ABOUT THE AUTHOR


Sheila McGee-Smith
Sheila McGee-Smith, the founder of McGee-Smith Analytics, is a leading communications industry analyst and strategic consultant focused on the contact...
Read Full Bio >>
SHARE



Sheila McGee-Smith | September 05, 2012 |

 
   

ShoreTel Sky: What's in a Name?

ShoreTel Sky: What's in a Name? ShoreTel's vision is a single application set offering CPE, cloud and hybrid deployment alternatives.

ShoreTel's vision is a single application set offering CPE, cloud and hybrid deployment alternatives.

Would that which we call a cloud by any other name sound as sweet? Today ShoreTel announced a brand name for its cloud solution: ShoreTel Sky. ShoreTel acquired M5 Networks in February 2012 and since that time it has been known as M5, ShoreTel's Cloud Division. When I heard the news, I had a few questions that ShoreTel's CMO, Kevin Gavin, was kind enough to address during a telephone interview.

Why a name change now? Isn't it fairly soon after the acquisition to make a change?
Gavin reports that the timing was dictated by how quickly the re-branding could be done. One of the reasons M5 wanted to be acquired was to gain the (relatively stronger) ShoreTel brand. It made sense to permanently brand the M5 solutions to ShoreTel quickly.

Another reason was to avoid building the M5 brand. Aided by new ShoreTel channels and direct sales people, M5 had revenues of $14.3 million for the recently ended quarter, adding 135 new customers. Bookings were 43% higher than M5's same quarter last year. With that kind of growth, it made sense for customers and prospects alike to start learning and using the ShoreTel brand.

Why Sky instead of Cloud?
Since M5 has been known as the ShoreTel Cloud Division, why not just go with ShoreTel Cloud? Gavin admits that his initial inclination was to do just that. But Gina Jacobs, Senior Director of Marketing and Communications at ShoreTel, convinced him that it made sense to explore alternatives. If they didn't find something the team liked better, they'd be happy with ShoreTel Cloud.

They brought in a brand consultant who worked with them to choose ShoreTel Sky. A few of the reasons they believed it was better than cloud include:

* There is no uniqueness with cloud. Everyone is using it.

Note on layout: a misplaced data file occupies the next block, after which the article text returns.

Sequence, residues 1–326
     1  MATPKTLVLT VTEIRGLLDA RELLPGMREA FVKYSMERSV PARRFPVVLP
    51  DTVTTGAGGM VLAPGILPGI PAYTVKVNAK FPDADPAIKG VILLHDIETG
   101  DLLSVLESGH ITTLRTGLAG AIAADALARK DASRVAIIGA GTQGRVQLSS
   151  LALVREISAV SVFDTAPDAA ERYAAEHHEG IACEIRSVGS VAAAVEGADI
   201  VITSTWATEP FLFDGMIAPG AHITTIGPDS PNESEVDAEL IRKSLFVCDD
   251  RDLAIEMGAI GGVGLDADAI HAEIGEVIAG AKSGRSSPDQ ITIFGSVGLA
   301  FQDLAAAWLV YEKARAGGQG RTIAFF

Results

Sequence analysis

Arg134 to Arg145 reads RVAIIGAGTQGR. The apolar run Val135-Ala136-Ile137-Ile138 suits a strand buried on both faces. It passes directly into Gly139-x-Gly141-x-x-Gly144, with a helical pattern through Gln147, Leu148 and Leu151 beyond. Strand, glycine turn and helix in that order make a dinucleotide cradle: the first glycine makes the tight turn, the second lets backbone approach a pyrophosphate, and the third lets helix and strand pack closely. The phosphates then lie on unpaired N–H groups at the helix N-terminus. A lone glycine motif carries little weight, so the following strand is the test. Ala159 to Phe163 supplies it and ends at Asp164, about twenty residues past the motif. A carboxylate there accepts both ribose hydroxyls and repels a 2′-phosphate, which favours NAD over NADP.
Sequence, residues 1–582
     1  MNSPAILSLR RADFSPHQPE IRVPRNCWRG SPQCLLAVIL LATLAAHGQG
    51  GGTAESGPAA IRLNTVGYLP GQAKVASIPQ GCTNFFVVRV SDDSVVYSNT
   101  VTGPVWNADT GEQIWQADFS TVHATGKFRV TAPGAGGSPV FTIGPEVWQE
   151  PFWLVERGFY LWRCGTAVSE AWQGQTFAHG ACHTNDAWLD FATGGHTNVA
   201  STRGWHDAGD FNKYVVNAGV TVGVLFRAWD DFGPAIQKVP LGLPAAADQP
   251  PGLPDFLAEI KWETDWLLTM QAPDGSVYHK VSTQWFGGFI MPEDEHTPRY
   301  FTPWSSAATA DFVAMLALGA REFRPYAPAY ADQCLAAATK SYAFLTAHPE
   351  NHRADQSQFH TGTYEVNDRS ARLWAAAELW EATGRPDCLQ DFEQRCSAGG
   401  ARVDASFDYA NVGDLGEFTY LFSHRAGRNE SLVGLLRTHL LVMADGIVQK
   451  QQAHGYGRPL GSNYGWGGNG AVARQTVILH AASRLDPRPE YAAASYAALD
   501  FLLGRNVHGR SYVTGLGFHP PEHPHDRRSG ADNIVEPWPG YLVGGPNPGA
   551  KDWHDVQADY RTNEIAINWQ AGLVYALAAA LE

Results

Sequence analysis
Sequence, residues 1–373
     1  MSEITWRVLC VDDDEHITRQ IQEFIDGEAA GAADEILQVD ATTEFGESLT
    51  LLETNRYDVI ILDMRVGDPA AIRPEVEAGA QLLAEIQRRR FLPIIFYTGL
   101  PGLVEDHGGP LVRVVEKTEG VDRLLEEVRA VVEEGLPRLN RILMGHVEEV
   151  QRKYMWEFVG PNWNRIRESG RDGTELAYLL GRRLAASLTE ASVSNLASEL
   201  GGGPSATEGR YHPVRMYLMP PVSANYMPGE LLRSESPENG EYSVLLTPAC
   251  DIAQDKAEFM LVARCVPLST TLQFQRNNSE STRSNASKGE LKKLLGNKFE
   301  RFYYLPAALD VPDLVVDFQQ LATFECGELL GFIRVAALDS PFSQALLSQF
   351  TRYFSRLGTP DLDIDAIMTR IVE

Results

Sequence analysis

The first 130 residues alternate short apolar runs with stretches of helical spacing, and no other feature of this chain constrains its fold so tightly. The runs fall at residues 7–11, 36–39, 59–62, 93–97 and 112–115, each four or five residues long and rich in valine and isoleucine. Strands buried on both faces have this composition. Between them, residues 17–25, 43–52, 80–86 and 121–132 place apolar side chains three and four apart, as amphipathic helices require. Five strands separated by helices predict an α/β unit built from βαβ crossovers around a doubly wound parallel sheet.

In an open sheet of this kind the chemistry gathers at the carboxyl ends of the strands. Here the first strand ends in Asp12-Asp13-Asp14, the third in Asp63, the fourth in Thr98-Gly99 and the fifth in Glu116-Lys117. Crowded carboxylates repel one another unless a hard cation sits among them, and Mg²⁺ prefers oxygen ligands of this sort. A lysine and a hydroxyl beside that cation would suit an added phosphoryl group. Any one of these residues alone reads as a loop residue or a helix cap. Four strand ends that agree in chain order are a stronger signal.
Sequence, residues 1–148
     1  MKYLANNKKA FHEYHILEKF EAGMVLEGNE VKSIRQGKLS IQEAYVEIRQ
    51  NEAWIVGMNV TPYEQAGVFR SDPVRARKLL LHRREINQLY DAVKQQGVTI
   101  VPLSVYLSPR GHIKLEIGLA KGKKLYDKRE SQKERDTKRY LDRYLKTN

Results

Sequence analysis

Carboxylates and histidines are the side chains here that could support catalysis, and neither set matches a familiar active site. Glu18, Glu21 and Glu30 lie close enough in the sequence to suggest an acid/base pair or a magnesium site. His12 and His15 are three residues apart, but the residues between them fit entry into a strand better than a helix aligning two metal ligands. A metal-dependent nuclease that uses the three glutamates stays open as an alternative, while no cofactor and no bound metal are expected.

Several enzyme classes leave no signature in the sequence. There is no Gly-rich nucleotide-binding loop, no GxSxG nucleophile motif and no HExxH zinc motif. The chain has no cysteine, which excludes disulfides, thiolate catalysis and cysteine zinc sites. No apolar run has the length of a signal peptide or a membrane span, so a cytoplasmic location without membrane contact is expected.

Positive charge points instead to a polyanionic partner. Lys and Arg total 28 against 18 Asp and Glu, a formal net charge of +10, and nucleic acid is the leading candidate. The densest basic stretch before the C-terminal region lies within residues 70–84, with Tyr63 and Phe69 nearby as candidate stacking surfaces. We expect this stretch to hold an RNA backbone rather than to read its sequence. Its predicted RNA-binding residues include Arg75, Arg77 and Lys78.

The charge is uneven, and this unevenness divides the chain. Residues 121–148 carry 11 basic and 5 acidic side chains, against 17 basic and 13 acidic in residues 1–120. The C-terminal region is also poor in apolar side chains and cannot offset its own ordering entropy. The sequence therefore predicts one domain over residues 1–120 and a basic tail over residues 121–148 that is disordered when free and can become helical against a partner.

* The alliteration of ShoreTel Sky is catchy, sounds good.
* Sky has lots of positive associations, for example "sky is the limit" and "blue sky." Cloud on the other hand has some negative ones, like "cloudy day" or "cloudy future." Apparently the consultant helped make the point that associations matter by comparing how well Apple worked as a brand name versus, say, pear. Apple of your eye? Yes. Pear of... ?

Gavin reports that the four-person branding team gave ShoreTel Sky "eight thumbs up." Though being publicly launched today, employees and partners given an early preview were "exuberantly enthusiastic" with the choice.

Press release says, "ShoreTel is developing an architecture that allows the applications to be accessed on-premise or in the cloud." That's a big promise. When can we expect to see that?

The first proof point that ShoreTel and former-M5 applications will co-exist well together is ShoreTel Mobility, which has already been added to the M5 cloud UC offer. The long term strategy is to "write once, sell twice," as in applications like conferencing or contact center. While not a reality today, ShoreTel's plan is to build an architecture where a premises customer could become a subscriber to a fully-integrated Sky Conferencing.

The M5 cloud acquisition was initially dismissed by some competitors as a solution completely separate from ShoreTel's CPE offer. While making no specific promises or giving any dates, Gavin makes it clear that ShoreTel's vision is a single application set offering CPE, cloud and hybrid deployment alternatives.



COMMENTS



July 30, 2014
A myth persists that premise-based unified communications and contact center solutions are more secure than similar solutions in the cloud. Join this webinar to learn why that mode of thinking is outd...
June 18, 2014
Enterprises continue to explore ways to leverage the cloud to support their business-critical applications. But it's not enough to simply run an application within a particular cloud provider's infras...
June 4, 2014
The use of Software as a Service (SaaS) has skyrocketed over the last few years and shows no signs of slowing down. A recent global SaaS study of 879 decision makers found that reducing costs is still...